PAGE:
Keep Your Emotions “In Check” During the Interview

by | Mar 9, 2020 | Interviewing

It is easy to become (or feel) emotionally raw while being interviewed. The stress of finding a new job (or even worse if you are in unemployment) paired with a sleepless previous night, and the anguish over having to talk about yourself can be overwhelming. It is critical, however, that you (as a Job Seeker) maintain your composure while being interviewed.

Not keeping your emotions “in check” will naturally damage your candidacy for the position. The Hiring Manager will probably revisit your readiness and stability for the position, along with the probability of making her/him feel uncomfortable, which can’t be a good thing for you at decision time. There are at least 3 main emotions that are sometimes lost during an interview. Let’s examine each one from a point of view of trying to understand why it might occur. By knowing the root cause of why you felt this way, you will be in a better position to prevent or stop it next time.

• Becoming Upset: This is probably the most common emotion shown and it usually comes from feeling defensive based on the questions being asked of you. Unfortunately, some Hiring Managers confuse a job interview with a police interrogation (although I think this happens less than it used to). It can be easy to become upset because you want to sell yourself, but you find yourself constantly in defense mode. You may also be faced with an Interviewer who does not seem to want to be bothered interviewing you. I find that this will happen when a Hiring Manager asks others to get involved in the hiring process without confirming whether they really want to participate. It can also be irritating when the Interviewer does not seem to be listening to you and your answers. Whatever the scenario, you can’t show your frustration or flash your temper.

• Starting to Cry: This happens more often than you may think. A question about a job departure or a gap in employment can be just the impetus to start a wave of emotion and then the resulting tears. If this occurs, all is not lost, as most Hiring Managers will understand when you explain that the situation is still very raw to you.

• Being Too “Energetic”: A Job Seeker knows that they need to “sell” themselves during the interview. We are told that we must convince the Hiring Manager we are the best person for the position while also displaying to him/her how much we want the job. Unfortunately, it is possible to be too excited or amped up for the interview. This can cause you to talk too much, at too high of a volume, or otherwise just appear to be a bit erratic.

There are several things that you can do in order to better control your emotions in an interview.

• Be Prepared: Being prepared is a key to most things related to an interview. If you anticipate the tough questions (such as being asked about your background) and prepare your answers ahead of time, then you will be less likely to feel emotional when asked. Ask a friend or family member to assist you by role playing the interview and the toughest questions you are likely to be asked. Rehearse your answers to the point where answering becomes second nature to you. A key is to be fully self-aware of any holes in your work history or shortcomings in your experience, so that you can properly address. Know what your goal/mission is entering the interview, and don’t allow yourself to waver.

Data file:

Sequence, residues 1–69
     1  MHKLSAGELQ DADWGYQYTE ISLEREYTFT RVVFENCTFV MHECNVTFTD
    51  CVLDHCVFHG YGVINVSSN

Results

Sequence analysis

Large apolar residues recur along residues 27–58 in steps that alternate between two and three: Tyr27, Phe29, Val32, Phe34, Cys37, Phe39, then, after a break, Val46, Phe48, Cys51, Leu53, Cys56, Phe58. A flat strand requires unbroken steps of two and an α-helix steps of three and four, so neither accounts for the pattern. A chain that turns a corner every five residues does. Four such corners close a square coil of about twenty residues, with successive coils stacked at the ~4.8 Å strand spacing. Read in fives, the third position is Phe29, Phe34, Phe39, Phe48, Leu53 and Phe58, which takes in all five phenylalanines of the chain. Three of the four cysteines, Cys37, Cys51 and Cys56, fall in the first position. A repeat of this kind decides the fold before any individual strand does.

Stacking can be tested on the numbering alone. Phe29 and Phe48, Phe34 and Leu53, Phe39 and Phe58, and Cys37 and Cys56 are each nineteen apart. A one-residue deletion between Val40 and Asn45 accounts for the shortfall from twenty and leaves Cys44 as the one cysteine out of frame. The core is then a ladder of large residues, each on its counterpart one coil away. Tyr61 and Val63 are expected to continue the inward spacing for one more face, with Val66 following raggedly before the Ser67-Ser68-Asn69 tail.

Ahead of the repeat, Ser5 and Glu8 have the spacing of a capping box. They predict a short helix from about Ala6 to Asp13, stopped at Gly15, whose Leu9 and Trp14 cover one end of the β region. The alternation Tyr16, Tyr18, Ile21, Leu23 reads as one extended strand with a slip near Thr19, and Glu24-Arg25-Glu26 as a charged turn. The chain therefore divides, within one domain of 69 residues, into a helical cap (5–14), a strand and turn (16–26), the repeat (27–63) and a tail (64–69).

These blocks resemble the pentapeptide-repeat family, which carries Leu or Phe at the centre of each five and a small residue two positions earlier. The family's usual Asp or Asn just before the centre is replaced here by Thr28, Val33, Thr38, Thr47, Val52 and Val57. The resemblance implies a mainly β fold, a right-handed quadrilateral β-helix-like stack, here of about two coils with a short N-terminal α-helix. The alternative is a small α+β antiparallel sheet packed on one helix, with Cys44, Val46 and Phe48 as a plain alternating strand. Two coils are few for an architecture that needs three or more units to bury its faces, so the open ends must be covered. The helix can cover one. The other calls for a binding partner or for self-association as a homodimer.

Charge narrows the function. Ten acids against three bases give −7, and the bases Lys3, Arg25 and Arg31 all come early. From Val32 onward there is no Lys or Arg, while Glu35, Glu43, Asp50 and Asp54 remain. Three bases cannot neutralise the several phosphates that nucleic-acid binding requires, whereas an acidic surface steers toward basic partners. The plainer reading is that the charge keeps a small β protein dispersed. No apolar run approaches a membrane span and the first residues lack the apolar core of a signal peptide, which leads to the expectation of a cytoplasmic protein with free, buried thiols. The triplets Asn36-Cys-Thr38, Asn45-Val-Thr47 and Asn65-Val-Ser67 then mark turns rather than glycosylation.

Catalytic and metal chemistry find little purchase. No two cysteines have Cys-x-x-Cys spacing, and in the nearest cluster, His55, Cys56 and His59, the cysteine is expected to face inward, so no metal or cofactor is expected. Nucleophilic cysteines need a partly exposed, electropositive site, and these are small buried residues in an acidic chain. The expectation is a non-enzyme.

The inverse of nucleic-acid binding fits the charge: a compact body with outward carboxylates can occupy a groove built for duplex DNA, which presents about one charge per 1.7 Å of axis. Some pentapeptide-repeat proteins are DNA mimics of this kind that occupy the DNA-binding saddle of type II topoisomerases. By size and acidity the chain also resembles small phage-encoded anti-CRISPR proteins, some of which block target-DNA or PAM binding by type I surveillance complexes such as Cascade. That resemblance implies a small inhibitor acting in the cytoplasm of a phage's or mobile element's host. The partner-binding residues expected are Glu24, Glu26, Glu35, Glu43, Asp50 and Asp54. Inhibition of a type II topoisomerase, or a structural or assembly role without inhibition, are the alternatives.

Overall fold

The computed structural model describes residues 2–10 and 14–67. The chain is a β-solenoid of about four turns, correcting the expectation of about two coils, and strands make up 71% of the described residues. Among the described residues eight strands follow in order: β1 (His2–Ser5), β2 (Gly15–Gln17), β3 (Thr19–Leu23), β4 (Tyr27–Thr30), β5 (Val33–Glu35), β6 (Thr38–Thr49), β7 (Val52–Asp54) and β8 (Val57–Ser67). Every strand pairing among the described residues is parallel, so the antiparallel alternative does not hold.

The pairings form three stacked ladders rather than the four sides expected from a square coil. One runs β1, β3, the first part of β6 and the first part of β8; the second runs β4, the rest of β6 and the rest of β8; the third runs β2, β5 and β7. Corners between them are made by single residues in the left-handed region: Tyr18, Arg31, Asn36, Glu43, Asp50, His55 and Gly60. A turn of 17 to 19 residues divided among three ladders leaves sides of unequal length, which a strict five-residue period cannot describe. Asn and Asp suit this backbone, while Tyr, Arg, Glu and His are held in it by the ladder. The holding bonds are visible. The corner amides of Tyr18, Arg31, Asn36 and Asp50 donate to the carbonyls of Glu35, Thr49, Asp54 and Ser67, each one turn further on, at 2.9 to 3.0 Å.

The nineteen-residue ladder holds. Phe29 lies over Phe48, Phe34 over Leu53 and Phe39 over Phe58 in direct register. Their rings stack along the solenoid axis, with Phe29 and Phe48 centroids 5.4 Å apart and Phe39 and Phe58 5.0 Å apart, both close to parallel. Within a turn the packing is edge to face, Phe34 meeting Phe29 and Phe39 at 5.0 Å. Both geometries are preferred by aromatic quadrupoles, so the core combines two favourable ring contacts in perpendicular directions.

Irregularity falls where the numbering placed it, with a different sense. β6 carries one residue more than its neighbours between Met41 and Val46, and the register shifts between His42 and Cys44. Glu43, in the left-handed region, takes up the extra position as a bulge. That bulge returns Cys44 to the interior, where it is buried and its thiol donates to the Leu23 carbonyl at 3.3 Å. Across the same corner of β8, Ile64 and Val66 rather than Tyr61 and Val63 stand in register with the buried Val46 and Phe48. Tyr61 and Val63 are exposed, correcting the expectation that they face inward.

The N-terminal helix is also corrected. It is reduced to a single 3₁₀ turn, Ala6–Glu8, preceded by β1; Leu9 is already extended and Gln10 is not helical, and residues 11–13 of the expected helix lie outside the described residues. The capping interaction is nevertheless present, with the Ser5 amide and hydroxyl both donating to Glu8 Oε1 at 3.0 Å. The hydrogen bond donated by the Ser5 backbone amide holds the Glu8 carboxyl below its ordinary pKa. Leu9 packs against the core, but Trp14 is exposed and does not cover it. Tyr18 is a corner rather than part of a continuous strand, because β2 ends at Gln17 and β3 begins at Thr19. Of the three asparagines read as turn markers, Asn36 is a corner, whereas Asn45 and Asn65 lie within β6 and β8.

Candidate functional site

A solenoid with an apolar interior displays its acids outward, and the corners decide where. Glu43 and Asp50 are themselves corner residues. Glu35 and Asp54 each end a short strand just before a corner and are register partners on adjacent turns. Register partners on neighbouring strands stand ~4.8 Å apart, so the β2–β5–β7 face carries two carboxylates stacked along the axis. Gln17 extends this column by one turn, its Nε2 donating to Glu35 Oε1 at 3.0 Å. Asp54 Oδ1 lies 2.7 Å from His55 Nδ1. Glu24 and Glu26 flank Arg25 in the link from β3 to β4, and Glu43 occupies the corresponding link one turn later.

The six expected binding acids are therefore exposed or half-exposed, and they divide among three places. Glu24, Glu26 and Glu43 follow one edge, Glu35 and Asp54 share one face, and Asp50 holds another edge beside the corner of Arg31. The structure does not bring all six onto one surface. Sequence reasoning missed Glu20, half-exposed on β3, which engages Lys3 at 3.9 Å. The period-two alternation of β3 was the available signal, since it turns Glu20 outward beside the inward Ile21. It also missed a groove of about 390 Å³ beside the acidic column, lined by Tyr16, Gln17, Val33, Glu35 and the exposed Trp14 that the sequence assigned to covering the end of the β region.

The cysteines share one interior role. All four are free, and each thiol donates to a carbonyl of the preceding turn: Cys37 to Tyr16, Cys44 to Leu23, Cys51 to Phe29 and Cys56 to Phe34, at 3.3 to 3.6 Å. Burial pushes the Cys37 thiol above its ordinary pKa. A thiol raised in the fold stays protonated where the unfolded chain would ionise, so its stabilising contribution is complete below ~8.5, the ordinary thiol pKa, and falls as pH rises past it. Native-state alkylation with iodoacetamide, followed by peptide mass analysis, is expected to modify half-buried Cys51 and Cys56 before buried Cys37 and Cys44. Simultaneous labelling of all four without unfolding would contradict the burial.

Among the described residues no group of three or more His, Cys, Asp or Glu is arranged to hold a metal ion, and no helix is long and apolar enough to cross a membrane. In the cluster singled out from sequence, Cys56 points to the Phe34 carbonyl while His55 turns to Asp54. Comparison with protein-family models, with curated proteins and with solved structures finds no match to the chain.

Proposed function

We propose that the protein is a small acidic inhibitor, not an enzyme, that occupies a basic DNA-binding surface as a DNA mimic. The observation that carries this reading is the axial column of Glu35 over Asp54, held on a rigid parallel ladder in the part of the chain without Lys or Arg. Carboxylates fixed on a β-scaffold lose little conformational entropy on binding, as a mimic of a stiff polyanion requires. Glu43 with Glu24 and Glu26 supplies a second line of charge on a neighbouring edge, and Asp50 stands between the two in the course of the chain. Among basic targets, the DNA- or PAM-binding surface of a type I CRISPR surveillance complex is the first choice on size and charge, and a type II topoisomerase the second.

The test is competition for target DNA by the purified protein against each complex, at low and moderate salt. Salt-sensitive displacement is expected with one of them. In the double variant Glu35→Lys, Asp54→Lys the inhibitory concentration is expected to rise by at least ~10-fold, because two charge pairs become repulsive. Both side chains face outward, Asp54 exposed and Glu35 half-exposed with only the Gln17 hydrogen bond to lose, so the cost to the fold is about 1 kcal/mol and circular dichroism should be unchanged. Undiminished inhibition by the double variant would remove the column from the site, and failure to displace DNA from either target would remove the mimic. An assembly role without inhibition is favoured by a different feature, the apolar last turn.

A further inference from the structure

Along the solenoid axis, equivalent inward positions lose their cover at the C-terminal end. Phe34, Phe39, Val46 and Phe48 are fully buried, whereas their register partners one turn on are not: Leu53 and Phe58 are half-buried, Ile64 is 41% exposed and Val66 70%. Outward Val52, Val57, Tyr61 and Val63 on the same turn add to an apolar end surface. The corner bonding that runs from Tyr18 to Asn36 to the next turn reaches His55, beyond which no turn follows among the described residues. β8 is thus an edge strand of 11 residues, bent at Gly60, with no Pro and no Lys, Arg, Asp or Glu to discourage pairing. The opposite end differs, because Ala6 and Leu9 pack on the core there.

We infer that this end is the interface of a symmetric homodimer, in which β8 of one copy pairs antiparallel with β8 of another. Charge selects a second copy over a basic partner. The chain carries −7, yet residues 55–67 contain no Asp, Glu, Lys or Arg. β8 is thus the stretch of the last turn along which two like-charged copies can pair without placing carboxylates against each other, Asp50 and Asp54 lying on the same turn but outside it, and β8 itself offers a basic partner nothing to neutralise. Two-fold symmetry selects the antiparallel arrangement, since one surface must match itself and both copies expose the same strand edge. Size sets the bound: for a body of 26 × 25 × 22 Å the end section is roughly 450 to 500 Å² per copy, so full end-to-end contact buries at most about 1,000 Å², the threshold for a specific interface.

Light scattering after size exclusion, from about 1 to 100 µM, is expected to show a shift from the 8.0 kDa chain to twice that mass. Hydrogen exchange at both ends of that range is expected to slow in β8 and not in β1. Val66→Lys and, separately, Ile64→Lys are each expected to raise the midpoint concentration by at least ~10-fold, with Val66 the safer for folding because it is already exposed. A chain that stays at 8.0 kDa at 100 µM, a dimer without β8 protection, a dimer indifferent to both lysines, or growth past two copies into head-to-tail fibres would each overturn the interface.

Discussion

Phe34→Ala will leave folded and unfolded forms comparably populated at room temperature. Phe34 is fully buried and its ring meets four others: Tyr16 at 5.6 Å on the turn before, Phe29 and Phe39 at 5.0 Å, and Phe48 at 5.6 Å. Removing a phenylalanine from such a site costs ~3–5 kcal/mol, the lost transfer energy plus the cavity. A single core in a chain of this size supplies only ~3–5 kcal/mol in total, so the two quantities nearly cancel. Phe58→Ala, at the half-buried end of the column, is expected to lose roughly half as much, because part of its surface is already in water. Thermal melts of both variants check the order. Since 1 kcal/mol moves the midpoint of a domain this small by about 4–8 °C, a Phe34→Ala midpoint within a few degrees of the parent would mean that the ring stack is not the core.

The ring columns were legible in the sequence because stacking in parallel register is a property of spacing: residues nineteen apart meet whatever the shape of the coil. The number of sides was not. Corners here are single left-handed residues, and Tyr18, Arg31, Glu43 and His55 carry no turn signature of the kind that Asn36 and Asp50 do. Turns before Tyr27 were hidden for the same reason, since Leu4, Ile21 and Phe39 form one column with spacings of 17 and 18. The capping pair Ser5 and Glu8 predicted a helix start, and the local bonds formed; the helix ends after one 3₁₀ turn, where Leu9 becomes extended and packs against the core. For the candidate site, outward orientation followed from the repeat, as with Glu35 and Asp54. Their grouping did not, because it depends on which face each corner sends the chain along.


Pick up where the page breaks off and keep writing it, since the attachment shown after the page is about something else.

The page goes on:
• Get Some Rest: None of us are our usual self when we are tired. As difficult as it may be due to pre-interview nerves, getting a good night’s sleep will go a long way to stabilizing your emotions. Plus, you will also be more alert during the interview.

• Don’t Assume It Is Intentional: Becoming emotional can be a direct result of assuming someone is trying to personally attack you. If you assume that the Interviewer is only asking legitimate questions with no “hidden agenda”, it is unlikely you will become upset with the questioning. Even if you do think it may be intentional, if you conclude that it is “just business” and not personal, then you should be less emotional.

• Determine If Now Is the Best Time: If you are in a situation where you are having trouble controlling your emotions, such as in a period of grief, then consider delaying your job search. I normally strongly advocate avoiding gaps in employment and jumping right into your search, but if you are not emotionally ready, you will probably do more harm than good.

Now you may have the point-of-view that any prospective employer that would get you this emotional is not a company you would want to work for. While this may be true if the situation was intentional, I have taken the position that a Job Seeker should control her/his emotions during the interview and then make the ultimate decision regarding whether to join a company if an interview is extended.

So, do what you can to keep an even keel during your interview, and avoid any extreme emotional display that will hamper your candidacy.

As always, best of luck in your job search.

The following has been prepared for the general information of WNYJobs readers. It is not meant to provide advice with respect to any specific legal or policy matter and should not be acted upon without verification by the reader.

Joe Stein
WNY Human Resources Professional

Feel free to contact Joe Stein regarding questions or comments at:
Joe Stein

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